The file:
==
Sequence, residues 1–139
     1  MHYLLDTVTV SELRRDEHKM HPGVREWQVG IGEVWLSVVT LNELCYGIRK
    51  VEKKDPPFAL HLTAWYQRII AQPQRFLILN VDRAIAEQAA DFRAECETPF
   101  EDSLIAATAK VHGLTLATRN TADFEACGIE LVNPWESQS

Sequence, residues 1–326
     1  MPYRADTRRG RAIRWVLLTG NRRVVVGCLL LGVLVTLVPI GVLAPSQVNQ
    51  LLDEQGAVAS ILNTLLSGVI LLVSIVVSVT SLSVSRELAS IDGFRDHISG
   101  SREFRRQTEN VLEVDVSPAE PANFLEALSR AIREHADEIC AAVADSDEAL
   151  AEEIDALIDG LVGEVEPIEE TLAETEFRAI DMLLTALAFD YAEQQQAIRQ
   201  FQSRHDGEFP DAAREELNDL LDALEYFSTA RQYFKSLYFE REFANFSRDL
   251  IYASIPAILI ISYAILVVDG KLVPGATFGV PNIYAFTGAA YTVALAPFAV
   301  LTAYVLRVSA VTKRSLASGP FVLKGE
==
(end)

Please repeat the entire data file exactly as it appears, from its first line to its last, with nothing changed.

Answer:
Sequence, residues 1–139
     1  MHYLLDTVTV SELRRDEHKM HPGVREWQVG IGEVWLSVVT LNELCYGIRK
    51  VEKKDPPFAL HLTAWYQRII AQPQRFLILN VDRAIAEQAA DFRAECETPF
   101  EDSLIAATAK VHGLTLATRN TADFEACGIE LVNPWESQS

Sequence, residues 1–326
     1  MPYRADTRRG RAIRWVLLTG NRRVVVGCLL LGVLVTLVPI GVLAPSQVNQ
    51  LLDEQGAVAS ILNTLLSGVI LLVSIVVSVT SLSVSRELAS IDGFRDHISG
   101  SREFRRQTEN VLEVDVSPAE PANFLEALSR AIREHADEIC AAVADSDEAL
   151  AEEIDALIDG LVGEVEPIEE TLAETEFRAI DMLLTALAFD YAEQQQAIRQ
   201  FQSRHDGEFP DAAREELNDL LDALEYFSTA RQYFKSLYFE REFANFSRDL
   251  IYASIPAILI ISYAILVVDG KLVPGATFGV PNIYAFTGAA YTVALAPFAV
   301  LTAYVLRVSA VTKRSLASGP FVLKGE